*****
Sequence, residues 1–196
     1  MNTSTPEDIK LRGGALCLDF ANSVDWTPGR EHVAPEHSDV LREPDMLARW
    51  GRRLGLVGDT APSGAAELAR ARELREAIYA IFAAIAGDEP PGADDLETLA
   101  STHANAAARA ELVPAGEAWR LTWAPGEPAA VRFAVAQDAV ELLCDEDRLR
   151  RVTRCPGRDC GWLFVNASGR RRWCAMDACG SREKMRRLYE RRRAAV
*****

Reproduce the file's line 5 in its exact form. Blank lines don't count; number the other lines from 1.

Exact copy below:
   151  RVTRCPGRDC GWLFVNASGR RRWCAMDACG SREKMRRLYE RRRAAV